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Canadian to run the Bank of England

The paranoid will surely just chalk this up to the global Canadian bankers' conspiracy:

Mark Carney has been named as the new governor of the Bank of England by Chancellor George Osborne.

Mr Carney, the governor of the Canadian central bank, will serve for five years and will hold new regulatory powers over banks.[...]

Mr Osborne told Parliament that Mr Carney, 47, would bring the "strong leadership and external experience the Bank needs" and added that the Canadian would apply for British citizenship.

The Washington Post's Neil Irwin notes that Cameron's willingness to look across the pond may signal tje relization that "being a central banker is a harder job in the post-crisis world than it ever was before, and to do it well calls on a mix of skills that few people on the planet possess." So what are Carney's skills?

He led the Canadian economy through perhaps the best performance of the major Western nations during the crisis itself; there were no major failures of Canadian banks at a time when their international counterparts were falling like dominos, and the economic downturn in Canada was relatively mild. Carney  is chairman of the Financial Stability Board, a group of leading regulators and central bankers who aim to deal with financial risks.

Apart from his time as a central banker, Carney has also been a creature of the financial markets. He spent 13 years at Goldman Sachs. While he has a PhD in economics from Oxford, he never worked as an academic economist. (He does not have British citizenship, though he has deep ties to the country, including his years at Oxford and a British-born wife).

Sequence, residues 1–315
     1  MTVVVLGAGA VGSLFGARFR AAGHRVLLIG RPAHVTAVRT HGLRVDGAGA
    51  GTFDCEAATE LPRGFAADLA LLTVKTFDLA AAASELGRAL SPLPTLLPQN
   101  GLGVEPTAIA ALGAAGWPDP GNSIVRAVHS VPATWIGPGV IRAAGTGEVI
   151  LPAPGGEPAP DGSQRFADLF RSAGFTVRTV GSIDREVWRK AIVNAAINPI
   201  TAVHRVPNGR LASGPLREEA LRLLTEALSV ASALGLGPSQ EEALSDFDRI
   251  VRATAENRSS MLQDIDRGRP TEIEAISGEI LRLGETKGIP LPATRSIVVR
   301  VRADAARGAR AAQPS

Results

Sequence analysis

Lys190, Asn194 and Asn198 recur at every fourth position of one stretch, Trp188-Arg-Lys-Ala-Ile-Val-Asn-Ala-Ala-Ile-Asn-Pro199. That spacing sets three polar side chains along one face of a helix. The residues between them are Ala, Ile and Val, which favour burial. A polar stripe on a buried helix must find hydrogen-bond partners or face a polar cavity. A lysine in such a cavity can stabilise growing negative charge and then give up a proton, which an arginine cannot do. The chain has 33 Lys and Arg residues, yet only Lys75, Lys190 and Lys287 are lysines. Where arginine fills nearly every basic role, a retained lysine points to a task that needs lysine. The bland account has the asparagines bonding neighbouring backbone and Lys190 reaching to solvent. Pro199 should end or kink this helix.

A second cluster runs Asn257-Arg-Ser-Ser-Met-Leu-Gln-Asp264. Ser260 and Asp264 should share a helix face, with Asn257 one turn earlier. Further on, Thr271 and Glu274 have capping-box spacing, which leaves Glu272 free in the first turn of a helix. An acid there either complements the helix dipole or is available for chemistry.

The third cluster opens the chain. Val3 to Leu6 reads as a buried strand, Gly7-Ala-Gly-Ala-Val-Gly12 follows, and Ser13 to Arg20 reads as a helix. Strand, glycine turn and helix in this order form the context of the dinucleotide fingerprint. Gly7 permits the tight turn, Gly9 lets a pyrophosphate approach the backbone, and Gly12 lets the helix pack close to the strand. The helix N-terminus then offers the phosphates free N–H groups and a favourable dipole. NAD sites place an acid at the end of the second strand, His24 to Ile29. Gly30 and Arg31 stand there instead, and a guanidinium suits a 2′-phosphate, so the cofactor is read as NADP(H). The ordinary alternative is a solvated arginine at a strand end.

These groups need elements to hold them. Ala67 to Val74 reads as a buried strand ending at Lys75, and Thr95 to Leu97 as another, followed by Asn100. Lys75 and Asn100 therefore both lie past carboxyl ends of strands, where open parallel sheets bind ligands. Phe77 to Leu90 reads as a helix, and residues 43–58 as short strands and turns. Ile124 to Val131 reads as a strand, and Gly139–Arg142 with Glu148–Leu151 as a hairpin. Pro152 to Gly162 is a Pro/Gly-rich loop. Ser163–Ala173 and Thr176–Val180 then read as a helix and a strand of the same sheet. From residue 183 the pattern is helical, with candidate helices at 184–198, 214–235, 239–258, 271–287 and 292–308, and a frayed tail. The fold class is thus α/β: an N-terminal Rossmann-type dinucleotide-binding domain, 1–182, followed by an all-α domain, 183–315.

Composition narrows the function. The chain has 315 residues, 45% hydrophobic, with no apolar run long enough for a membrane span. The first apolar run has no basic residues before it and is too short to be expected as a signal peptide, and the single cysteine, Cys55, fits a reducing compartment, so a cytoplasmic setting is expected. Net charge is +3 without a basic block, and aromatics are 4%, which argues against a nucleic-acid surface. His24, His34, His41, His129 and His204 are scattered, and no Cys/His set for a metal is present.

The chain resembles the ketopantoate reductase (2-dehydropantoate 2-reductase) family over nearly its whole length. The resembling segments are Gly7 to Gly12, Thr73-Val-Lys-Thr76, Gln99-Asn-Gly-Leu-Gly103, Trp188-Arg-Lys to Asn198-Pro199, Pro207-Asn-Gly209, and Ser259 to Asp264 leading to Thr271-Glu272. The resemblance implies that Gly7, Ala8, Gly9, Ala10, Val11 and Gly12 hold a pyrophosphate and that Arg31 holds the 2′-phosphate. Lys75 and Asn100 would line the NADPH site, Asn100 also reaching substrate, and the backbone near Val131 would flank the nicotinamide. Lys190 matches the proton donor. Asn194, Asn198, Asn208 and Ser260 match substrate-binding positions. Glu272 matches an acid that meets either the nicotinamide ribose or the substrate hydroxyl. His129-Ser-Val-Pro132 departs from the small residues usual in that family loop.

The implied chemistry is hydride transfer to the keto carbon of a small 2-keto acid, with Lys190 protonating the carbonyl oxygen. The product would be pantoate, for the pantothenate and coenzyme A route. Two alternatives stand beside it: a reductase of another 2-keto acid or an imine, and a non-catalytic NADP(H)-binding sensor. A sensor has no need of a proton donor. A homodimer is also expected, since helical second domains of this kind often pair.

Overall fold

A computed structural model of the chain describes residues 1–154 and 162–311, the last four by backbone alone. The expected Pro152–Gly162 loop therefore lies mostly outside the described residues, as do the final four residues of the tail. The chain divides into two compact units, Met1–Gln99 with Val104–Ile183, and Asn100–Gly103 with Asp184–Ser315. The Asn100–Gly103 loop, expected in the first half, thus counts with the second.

Even so, the idea of importing a foreigner to such a high-profile position is bound to raise some eyebrows. As former FPer Annie Lowrey perceptively tweeted, "Would the United States mind having a foreign citizen be its central banker? (My guess, though not a confident one, is yes.)"

On the other hand, as I noted in this explainer, British law is pretty open to citizens of the commonwealth taking high government positions. For instance, to be a member of parliament according to British law, you need only be "18 years of age, and a British citizen, or citizen of a Commonwealth country or the Republic of Ireland." To date, the only prime minister born outside the British isles was New Brunswick's own Bonar Law.

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British foster parents lose children because of membership in anti-immigrant party

The U.K. Independence Party may espouse some extreme positions -- some of its elected members have stated their belief that the EU is exporting a "Marxist revolution" to Britain -- but should membership in the party disqualify parents from adopting foster children? That's what recently happened in the city of Rotherham:

The foster parents say "no discussions" took place between them and the council prior to the children's removal.

The children - who are European migrants - were removed by social workers who accused the unnamed couple of belonging to a "racist party".

Council leader Roger Stone said it was launching an immediate investigation.

The BBC understands that the three children are all under 10 and one is a baby.

Council leader Roger Stone said it was launching an immediate investigation

 

The UKIP favors a five-year freeze on immigration, cuts to benefits for new arrivals, and an end to state-sponsored efforts to promote multiculturalism, so it is perhaps a little surprising that members of the party would be interested in adopting non-British children..

That said, the parents claim to have been sensitive to their children's needs -- finding a religious school for one of them, and encouraging them to speak their native language and there's no evidence -- at least from the media coverage so far -- that the children were mistreated in any way.

The case is a bit reminiscent of last year's story of a New Jersey couple who lost custody of their (biological) children, Adolf Hitler Campbell, JoyceLynn Aryan Nation Campbell and Honszlynn Hinler Jeannie Campbell. Of course, in that case there were other causes for concern for the children's welfare other than the names, and the UKIP -- whatever you think of their positions -- are certainly not Nazis: they have 12 seats in the European Parliament.

There seems to be pretty widespread agreement that this was serious overreach on the council's part and the British education secretary has called the children's removal "indefensible".